Shane (1953) | Blu-ray release

November 10th, 2015
Author: Meredith Taylor

Dir.: George Stevens

Cast: Alan Ladd, Jean Arthur, Van Heflin, Jack Palance, Brandon de Wilde, Emile Meyer, Elisha Cook jr

USA 1953, 118 min.

SHANE is the middle part of George Stevens ‘American Trilogy’, preceded by A Place In the Sun (1951) and followed by Giant (1956). He filmed Jack Schaefer’s novel as an archetypical conflict between cattlemen and homesteaders in the modern West; a theme that was to be taken up again in Clint Eastwood’s Pale Rider and Michael Ciminos’ Heaven’s Gate.

Sometime after the enactment of the Homestead Act in 1862, Shane (Ladd), a professional killer, meets a pioneer homestead family, the Starretts, in Wyoming. Over dinner, they discuss the plight of the families fighting the brutal cattle baron Rufus Ryker (Meyer). Joe Starrett (Van Heflin) offers Shane a job and the latter accepts. Starrett’s wife Marian (Jean Arthur in her last role, her only colour film), develops a rather ambivalent relationship with Shane: on the one hand, she does want Shane to teach her son Joey (de Wilde) how to shoot, on the other hand she looks at Shane in a way which speaks of an emotional conflict. Jack Wilson (Palance), a killer hired by Ryker, taunts “Stonewall” Torrey (Cook jr.) a proud Confederate soldier, and provokes him to a duel which Wilson easily wins against the un-experienced farmer. At Torrey’s funeral, many of the farmers want to sell their land to Ryker, but in the end, Starrett convinces a majority to fight and tragedy ensues for all concerned.

An underrated director, Stevens he was a stickler for detail and had started his career as a DoP. SHANE was shot between July and October 1951, but Stevens took his time over the editing and the film was eventually premiered in April 1953. The film’s budget of 3.1 M$ was so considerable (particularly for a Western), that Paramount tried to negotiate with Howard Hughes to take SHANE off their books, but Hughes pulled out. In the end SHANE made a very decent profit. Strangely enough, the two macho heroes of the film both had their problems: The scene in which Ladd teaches the young boy how to shoot, runs to 116 takes. And when Palance jumps on his horse, it turns out, that the actual shot was of him dismounting the horse, played in reverse. In another scene, Palance was supposed to gallop into the town on his horse, in the finished film, the horse walks slowly towards the camera. And in the grand finale in the bar, when Ladd shoots Palance twice, one can see him blinking. In the rather sentimental good-bye scene at the end, de Wilde crossed his eyes and stuck his tongue out. Ladd was so angry that he told the boy’s father: “Make that kid stop, or I’ll beat him over the head with a brick”.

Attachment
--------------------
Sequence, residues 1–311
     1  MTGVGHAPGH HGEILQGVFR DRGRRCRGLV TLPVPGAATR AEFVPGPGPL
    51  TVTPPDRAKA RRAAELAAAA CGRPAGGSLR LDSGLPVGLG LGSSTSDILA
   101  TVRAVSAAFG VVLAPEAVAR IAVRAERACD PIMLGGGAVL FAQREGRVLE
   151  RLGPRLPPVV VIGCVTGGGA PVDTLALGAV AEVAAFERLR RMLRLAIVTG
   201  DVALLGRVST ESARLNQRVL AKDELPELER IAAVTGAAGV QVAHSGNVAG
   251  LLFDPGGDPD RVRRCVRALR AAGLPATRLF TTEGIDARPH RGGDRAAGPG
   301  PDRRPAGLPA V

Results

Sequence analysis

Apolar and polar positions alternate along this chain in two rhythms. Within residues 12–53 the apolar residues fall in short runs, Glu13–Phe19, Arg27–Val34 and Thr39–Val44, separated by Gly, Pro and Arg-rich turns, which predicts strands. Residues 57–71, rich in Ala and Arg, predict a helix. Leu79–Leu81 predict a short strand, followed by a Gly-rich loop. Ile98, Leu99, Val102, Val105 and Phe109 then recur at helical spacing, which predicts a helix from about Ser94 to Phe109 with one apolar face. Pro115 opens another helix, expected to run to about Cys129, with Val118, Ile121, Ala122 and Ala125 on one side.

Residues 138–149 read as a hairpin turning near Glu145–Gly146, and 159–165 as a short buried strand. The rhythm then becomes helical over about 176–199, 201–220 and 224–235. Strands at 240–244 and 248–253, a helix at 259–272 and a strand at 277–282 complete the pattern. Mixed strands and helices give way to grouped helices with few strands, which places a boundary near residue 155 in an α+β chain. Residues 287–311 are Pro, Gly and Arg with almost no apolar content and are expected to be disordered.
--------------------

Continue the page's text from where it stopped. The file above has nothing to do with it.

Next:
But SHANE is still a very modern film, as the following dialogue proves: when Shane teaches the boy how to shoot, Marian interrupts: “Guns, are not going to be part of my son’s life”. Shane argues, that “a gun is a tool, not better or worse than an axe, shovel or any tool.’”And: “A gun is as good as the man using it.” But Marian insists that everyone would be better off if there weren’t any guns, including Shane’s. AS

OUT ON 30 NOVEMBER 2015 | LIMITED FIRST RUN EDITION FEATURING TWO BLU-RAY SET (2000 COPIES) | STANDARD EDITION ONE-DISC SET AVAILABLE ONCE STOCK OF THE LIMITED EDITION IS DEPLETED | COURTESY OF EUREKA MASTERS OF CINEMA

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